Case studies and white papers are a frequent point of confusion when it comes to technical documents. A lot of the time, people just don’t know the difference between one and the other. So how are these two different then?
The Quick Definition
If you’re short for time, here’s the 5-second answer: case studies are about specific instances where a problem was overcome by a particular solution; white papers, on the other hand, are a general discussion of a general business problem and how to solve them. Basically, case studies focus on specific “cases,” while white papers suggest a general solution.
Documents That Go Together
These two types of business documents aren’t necessarily mutually exclusive. Most white papers, in fact, will come with accompanying case studies that act as detailed examples for the general problems and solutions that are presented. However, case studies aren’t necessary to make a white paper complete.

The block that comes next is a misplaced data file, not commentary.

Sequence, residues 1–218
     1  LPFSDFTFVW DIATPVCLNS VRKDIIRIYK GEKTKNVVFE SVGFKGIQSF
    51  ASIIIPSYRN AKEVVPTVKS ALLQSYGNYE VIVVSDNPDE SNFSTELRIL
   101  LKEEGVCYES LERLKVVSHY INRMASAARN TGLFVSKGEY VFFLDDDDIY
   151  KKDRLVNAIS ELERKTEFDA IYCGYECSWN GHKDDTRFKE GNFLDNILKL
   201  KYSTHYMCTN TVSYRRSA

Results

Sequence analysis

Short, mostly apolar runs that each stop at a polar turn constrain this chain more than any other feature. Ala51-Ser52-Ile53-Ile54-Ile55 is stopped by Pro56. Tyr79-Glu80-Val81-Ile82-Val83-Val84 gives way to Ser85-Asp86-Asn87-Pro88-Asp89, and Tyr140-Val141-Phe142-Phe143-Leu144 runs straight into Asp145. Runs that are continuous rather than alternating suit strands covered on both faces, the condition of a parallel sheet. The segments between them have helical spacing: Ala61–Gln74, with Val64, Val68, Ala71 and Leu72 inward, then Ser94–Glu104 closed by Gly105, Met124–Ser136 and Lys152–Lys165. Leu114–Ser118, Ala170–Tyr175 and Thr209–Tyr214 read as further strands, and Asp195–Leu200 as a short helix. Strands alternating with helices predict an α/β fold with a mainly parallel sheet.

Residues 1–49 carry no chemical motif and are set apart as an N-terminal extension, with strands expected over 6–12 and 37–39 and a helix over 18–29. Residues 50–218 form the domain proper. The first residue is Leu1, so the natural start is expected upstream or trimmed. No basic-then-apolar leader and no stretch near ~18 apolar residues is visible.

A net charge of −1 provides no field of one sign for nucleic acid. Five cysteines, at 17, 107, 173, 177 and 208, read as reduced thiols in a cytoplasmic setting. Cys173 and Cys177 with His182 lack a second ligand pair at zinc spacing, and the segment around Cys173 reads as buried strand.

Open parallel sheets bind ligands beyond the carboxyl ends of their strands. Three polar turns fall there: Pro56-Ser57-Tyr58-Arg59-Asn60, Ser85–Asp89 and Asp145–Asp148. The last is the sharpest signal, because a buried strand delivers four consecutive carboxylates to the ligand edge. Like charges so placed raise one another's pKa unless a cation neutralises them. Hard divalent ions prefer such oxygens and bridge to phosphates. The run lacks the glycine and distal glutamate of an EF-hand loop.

A case study collects and presents detailed information that focuses on a small group, like a business or a charity organization. In business applications, that information usually involves examining that group and its experiences with a particular product or service. As a form of qualitative research, case studies limit the scope to a specific organization dealing with a specific issue, in order to keep things in focused and organized.
Every case study has three core elements:
- A description of the specific problem
- The solution and why it was chosen
- The results
They will start by describing the specific problems faced by the study participants, whether it’s a department in a company, a project team or a single manager. Then, they go on to introduce the reasons why the group decided to go for a particular solution. Once that’s been laid out, you detail the outcome, both positive and negative. Often, your case studies will include quotes from the participants and other key persons as a means to making it easier for readers to understand how the solution worked.
A white paper, on the other hand, moves its focus away from how specific customers benefited from a product or service. Instead, the goal is to present business problems that are common to some organizations and how they may be addressed by a specific solution.
In this regard, white papers are more commonly employed first as a marketing tool. When a prospect is curious about a specific solution, the company can then send case studies that might mirror their situation as follow-up materials.